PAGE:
the conviction, on behalf of most Israeli security cabinet members, that the main objectives of the war have been met.
According to the first estimations, the death toll and total damages caused by these conflicts have greatly affected the Palestinian population; the situation has not been as severe for the Israelis. A feeling of uncertainty still remains regarding Hamas’ lingering military capacity.
The following statements are a result of the political impact of the war:
the confrontations have not change the electoral equation in Israel (10/02 legislative);
this country’s image at the international level is very tainted and ruined;
the crisis has destabilized the leaders of the Palestinian National Authority, accused of working for the Israelis by maintaining order on the West Bank;
the Hamas’ policy foundation no longer reaches outside of Gaza due to the extent of the damage;
the increasing popular support for Hamas on the West Bank, especially in the Arab circles, in relation to the resistance and international diffusion of the conflict’s image, created by Hamas;
the movement’s international stature is reinforced by the Doha Summit and the support of most Arab states and Iran;
these states’ toughened views and self-restraint contradicts their actual military operations. This is an indication that the crisis and Palestinian divisions are largely orchestrated based on a logical desire for power;
there is a significant difference between Saudi Arabia, who is very discrete, and Egypt, who shows its centrality in the crisis and resistance of its regime towards popular and Syro-Iranian causes;
the European states and Turkey, contrary to the former American administration, request that the crisis come to an end; and,
the growing feeling, within the international community, is that there is a need for intervention in Israeli-Palestinian bilateral negotiations in 2009.
The conflict brings up new questions regarding discussion opportunities, under conditions, with Hamas regarding the Arab League’s capacity to enforce its own peace initiative and the fate of Gilad Shalit.
From the very beginning of the conflict, France has been involved. As early as December 27, 2008, and under the title of President of the European Union, France criticized the use of rocket fire against southern Israel as well as Hamas’ refusal to extend the truce made in June 2008. Similarly, France, who again declared that military action is not a solution to the Israeli-Palestinian conflict, criticized Israel’s disproportionate use of force.
Per the request of the Minister of Foreign Affairs, on December 30, 2008, the 27 ministers of the European Union met in Paris for an urgent meeting. These ministers called for a permanent and immediate ceasefire and requested immediate humanitarian action and the reopening of Gaza.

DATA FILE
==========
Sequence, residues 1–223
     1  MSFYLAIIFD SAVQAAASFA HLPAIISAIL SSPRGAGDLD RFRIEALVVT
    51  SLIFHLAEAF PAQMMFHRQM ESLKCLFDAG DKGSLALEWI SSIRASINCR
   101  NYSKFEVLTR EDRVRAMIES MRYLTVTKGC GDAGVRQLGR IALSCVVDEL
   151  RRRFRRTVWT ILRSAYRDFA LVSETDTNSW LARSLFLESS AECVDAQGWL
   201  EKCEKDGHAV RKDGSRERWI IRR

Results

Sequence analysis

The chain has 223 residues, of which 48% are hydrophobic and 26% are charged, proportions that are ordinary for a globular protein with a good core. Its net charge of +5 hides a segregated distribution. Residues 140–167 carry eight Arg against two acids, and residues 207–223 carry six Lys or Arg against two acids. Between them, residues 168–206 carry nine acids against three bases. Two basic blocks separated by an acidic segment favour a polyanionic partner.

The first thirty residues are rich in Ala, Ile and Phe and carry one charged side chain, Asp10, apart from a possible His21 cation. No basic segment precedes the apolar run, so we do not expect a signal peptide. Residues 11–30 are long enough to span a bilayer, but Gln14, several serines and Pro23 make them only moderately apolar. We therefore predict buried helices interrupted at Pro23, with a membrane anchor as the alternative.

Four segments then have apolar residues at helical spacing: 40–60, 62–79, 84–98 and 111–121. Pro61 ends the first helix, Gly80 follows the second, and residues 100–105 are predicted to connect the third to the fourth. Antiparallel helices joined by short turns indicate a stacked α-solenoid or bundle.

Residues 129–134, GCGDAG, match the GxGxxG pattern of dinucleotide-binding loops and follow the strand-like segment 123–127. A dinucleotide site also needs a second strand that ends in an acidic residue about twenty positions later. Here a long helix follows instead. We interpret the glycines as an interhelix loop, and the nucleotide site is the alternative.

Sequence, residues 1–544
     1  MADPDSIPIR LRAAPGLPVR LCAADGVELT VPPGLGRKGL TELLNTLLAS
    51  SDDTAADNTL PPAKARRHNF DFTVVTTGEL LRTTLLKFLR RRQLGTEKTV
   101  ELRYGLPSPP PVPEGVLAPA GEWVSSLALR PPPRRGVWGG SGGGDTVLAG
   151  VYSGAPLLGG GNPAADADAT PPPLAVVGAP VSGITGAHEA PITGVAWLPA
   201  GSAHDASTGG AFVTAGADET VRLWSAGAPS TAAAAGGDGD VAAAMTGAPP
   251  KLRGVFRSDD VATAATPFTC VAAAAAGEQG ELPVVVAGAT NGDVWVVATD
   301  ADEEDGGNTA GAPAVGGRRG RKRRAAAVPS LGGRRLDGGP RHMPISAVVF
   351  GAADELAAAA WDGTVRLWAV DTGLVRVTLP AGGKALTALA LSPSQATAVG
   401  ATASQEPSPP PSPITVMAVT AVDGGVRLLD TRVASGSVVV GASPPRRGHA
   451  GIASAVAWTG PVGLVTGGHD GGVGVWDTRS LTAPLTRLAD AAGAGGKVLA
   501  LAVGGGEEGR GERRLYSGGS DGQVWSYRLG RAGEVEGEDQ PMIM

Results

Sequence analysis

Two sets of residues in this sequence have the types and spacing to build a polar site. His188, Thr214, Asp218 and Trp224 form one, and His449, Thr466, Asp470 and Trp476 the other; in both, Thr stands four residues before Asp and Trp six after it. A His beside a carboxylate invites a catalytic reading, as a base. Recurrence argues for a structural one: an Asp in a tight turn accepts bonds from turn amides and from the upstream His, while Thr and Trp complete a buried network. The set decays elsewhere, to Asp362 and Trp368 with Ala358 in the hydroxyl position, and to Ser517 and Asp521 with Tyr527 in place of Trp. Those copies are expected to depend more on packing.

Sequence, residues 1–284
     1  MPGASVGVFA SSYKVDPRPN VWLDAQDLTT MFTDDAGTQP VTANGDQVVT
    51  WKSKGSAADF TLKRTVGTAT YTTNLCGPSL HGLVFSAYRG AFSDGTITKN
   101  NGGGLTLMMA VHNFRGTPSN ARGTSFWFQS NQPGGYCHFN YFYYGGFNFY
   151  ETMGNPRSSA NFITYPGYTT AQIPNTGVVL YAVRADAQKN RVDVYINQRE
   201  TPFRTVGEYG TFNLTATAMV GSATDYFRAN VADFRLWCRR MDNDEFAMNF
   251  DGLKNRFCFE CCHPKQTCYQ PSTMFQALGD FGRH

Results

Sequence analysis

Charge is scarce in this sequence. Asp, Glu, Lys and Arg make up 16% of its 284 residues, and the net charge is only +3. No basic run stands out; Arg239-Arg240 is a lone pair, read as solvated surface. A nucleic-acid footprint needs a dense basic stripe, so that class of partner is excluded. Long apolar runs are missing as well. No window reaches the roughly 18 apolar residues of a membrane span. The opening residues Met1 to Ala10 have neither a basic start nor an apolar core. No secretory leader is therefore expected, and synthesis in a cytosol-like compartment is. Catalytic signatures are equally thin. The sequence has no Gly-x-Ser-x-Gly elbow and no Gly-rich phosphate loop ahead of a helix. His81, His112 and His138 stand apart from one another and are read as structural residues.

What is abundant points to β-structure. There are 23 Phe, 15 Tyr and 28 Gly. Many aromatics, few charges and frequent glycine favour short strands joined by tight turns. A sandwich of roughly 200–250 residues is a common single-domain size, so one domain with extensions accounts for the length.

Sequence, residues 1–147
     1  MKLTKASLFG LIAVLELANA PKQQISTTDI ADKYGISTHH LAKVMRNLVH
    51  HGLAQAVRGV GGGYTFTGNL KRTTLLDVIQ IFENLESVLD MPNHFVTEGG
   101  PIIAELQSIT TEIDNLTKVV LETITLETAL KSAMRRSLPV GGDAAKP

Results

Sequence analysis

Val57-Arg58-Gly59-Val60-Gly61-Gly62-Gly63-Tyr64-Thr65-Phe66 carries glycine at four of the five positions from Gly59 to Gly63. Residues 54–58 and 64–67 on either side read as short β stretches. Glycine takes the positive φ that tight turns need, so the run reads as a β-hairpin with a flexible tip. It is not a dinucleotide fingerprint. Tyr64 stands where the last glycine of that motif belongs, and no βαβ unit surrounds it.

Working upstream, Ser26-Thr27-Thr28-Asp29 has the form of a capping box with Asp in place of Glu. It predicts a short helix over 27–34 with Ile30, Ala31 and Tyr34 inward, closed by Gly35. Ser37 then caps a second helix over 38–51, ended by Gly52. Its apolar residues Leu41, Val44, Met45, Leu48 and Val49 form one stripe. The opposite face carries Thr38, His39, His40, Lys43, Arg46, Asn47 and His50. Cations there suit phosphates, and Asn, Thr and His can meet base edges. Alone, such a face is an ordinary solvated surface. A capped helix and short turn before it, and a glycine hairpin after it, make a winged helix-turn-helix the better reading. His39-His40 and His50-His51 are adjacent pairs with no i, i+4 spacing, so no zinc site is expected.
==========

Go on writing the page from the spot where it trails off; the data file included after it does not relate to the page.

France was one of the first countries to disapprove of Israel’s military land operations deployed in Gaza on January 3, 2009. These operations have made it even more difficult to put an end to the conflict and have led to numerous civilian casualties and a severe humanitarian crisis.
During his trip to the Near East (January 5–6), the President of the Republic met with all parties. On January 6, 2009, the French and Egyptian presidents introduced a peace initiative, based on three main elements (refer to infra), to Charm El-Cheikh.
The Palestinian President responded well to the initiative. The Israeli authorities also responded well to the Franco-Egyptian peace plan. The same day, the office of the Prime Minister, Ehud Olmert, declared a three-hour ceasefire to take place every day to let in humanitarian aide.
Similarly, on January 8, 2009, the Security Council, presided by the Minister, adopted Resolution 1860 by 14 votes out of 15, with the abstention of the United States. A “long-term ceasefire was immediately declared and completely respected, which lead to the full withdrawal of Israeli forces from Gaza”. However, Israel continues to pursue its military operations even though it has not rejected the resolution. Hamas declared that the Resolution 1860 does not meet its expectations.
Discussions are ongoing in Cairo. A delegation from Hamas traveled to Cairo on January 8, 2009. A second trip by Amos Gilad, director of the Israeli Defence Ministry, is scheduled on January 15, 2008. France is still in contact at the highest levels with all actors involved. Qatar announced that an Arab Summit will be organized in Gaza on Friday.
On January 15, 2009, the Minister will preside over a dinner following the Paris conference with the three co-presidents, Mr. Blair, Mr. Stoere and Ms. Ferrero-Waldner, to discuss the Gaza situation.
- Find the different French statements on the situation in Gaza :